Disclaimer 2: I come out of the YA publishing category. Everything I say here is shaped by that fact. As Courtney Milan points out in the comments below it’s very different in her genre of romance.
Ask Yourself This Question First
Why do you want to be published?
There are many many answers to that question. But the most usual ones are: because I want to be read by people who don’t know me, because I want a career as a writer.
But sometimes people answer that they just want to see their work as a real book with their name on the spine and they don’t really care who reads it and they don’t want to have to send out to get an agent and all that jazz.
In that case, self-publishing probably is the way to go. You pay to have a few copies made with your name on the cover and then give them to your friends for Christmas.
This post is addressed to the people who want their work to be read beyond their immediate circle of family and friends.
Why You Should Try To Get Published The Traditional Way First
I first sent out a story for publication when I was fifteen years old. It was rejected. And repeat. A lot.
I sold my first short story almost twenty years later. My first novel sale came not long after.
Yes, you read that right, it took me twenty years to get published.
Getting published the traditional way is a slow, gruelling, heart-breaking and soul-destroying process. At least it was for me. My first two novels never sold. I know people whose first ten or more novels never sold.
I was desperate to get published back then. DESPERATE. I get the impatience many people feel with how long everything takes in publishing. It really is awful sending your work out over and over and over again to the same No, no, no no, HELL NO. No matter how the agents phrase it that’s what it sounds like on the receiving end.
Or even worse: no response at all. Despite your multiple queries.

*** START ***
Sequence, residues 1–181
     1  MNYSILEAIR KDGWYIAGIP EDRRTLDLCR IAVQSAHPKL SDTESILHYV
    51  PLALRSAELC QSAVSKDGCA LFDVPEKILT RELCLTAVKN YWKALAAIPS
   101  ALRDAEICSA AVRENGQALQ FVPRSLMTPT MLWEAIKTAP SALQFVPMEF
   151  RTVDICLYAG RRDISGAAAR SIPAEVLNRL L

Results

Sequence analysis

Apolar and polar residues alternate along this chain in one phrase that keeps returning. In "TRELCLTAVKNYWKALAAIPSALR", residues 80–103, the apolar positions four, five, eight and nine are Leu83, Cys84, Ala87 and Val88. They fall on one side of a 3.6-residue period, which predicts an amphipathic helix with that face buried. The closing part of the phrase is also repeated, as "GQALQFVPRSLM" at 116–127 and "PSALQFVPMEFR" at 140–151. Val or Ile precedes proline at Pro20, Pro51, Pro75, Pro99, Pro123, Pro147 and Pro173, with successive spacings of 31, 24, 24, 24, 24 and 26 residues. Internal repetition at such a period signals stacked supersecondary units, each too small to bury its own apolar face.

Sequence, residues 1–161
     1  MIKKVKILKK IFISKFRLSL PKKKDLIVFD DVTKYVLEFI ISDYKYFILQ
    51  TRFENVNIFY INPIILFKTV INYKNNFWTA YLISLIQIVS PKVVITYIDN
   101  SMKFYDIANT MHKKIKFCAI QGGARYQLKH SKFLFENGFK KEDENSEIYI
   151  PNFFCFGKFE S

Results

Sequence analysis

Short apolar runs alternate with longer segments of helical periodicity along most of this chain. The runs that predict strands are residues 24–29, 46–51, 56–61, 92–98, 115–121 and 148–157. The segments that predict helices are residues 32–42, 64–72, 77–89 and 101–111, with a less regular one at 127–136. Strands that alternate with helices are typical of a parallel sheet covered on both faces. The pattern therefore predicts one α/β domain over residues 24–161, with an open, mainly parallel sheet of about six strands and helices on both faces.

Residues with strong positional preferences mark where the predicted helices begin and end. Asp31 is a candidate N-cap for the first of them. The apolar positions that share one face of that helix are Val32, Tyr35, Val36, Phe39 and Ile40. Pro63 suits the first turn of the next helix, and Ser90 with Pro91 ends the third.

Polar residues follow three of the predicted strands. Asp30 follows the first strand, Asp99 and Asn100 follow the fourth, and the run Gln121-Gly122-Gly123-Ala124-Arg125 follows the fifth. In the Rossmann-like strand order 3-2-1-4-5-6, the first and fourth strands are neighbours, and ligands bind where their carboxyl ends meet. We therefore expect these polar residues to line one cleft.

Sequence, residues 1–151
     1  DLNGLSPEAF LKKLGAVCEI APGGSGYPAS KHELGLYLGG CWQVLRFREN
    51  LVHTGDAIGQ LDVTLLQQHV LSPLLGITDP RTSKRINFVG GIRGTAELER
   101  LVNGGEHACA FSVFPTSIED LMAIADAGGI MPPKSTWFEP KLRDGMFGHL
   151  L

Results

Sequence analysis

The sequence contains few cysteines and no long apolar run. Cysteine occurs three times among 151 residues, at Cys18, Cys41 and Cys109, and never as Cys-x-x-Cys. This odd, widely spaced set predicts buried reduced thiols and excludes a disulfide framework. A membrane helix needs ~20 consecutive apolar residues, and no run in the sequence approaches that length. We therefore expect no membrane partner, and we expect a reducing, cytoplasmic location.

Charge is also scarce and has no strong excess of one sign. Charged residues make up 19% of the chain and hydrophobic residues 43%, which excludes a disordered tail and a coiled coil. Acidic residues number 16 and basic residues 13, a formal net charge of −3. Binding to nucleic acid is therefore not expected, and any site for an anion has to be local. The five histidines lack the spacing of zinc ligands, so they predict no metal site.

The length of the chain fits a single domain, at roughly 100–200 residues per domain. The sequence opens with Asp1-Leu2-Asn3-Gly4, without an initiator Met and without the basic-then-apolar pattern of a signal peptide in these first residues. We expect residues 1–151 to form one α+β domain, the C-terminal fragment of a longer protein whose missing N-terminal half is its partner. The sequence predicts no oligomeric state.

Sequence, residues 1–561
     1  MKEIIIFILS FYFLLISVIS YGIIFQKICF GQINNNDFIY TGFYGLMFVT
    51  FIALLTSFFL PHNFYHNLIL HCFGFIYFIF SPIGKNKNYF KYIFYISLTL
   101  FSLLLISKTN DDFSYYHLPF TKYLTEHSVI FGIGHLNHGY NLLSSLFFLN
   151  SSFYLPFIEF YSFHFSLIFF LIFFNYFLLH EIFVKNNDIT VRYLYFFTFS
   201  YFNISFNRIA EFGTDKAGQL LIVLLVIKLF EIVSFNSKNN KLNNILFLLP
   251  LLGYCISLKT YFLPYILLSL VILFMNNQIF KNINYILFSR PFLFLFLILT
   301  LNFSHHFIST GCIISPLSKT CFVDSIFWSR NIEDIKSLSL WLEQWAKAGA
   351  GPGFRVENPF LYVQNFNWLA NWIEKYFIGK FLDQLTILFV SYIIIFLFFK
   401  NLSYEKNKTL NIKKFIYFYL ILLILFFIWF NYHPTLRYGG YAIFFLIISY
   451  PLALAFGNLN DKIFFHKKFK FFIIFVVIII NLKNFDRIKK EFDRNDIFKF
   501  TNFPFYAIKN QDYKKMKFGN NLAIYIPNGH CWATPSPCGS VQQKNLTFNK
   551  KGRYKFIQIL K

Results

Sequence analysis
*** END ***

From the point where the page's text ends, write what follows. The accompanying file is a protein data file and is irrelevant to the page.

Here’s why I think it’s worthwhile going through the gruelling process of finding an agent. (For why you need an agent read this excellent article by Victoria Strauss.) And then the just as awful process of your agent trying to sell your book to a publisher.
You learn to deal with rejection.
Being a professional writer means dealing with rejection all the time. Every time my latest novel goes out to publishers it gets rejected. Multiple times. I can’t remember now how many publishers rejected HTDYF and Team Human. I find it best to forget those things but, trust me, at the time, it felt like an endless chorus of NOs.
You only need one yes. No matter how long it takes.
My first novel, Magic or Madness, was published in loads of different countries, each successive book of mine has been picked up by fewer foreign language markets. I’ve been rejected by pretty much every language market in the world. Eastern Europe has never published so much as a haiku of mine. I try not to take it too personally.
You don’t need a tough skin. I certainly don’t have one. But you do not need to be able to keep writing despite rejection.
All too often I hear from people whose first novel has been rejected by gazillions of agents. Years now they’ve been sending it out, rewriting it, sending it out again. They’re filled with despair. They’re ready to give up. I ask them how their second novel is doing? They blink at me. They have not started a second novel, let alone finished it and sent it out to agents.
Always have a novel on the go.
When your first one is out there trying to land you an agent get started writing the second novel. And so on. Did I mention that I didn’t sell my first novel? Or my second? That I know people who did not sell their first ten novels? Jonathan Letham did not sell his first novel. From memory I think he sold his fourth. His earlier novels then sold after the first one to be sold was published. This is a very common story.
Keep writing is good advice when you’re trying to find an agent and it’s good advice when you’re a career writer whose agent is trying to sell what will be your hundredth published book when it finds a home.
Never stop writing!
People trying to find representation for their first novel often think that once they find an agent their book will automatically sell. Not true.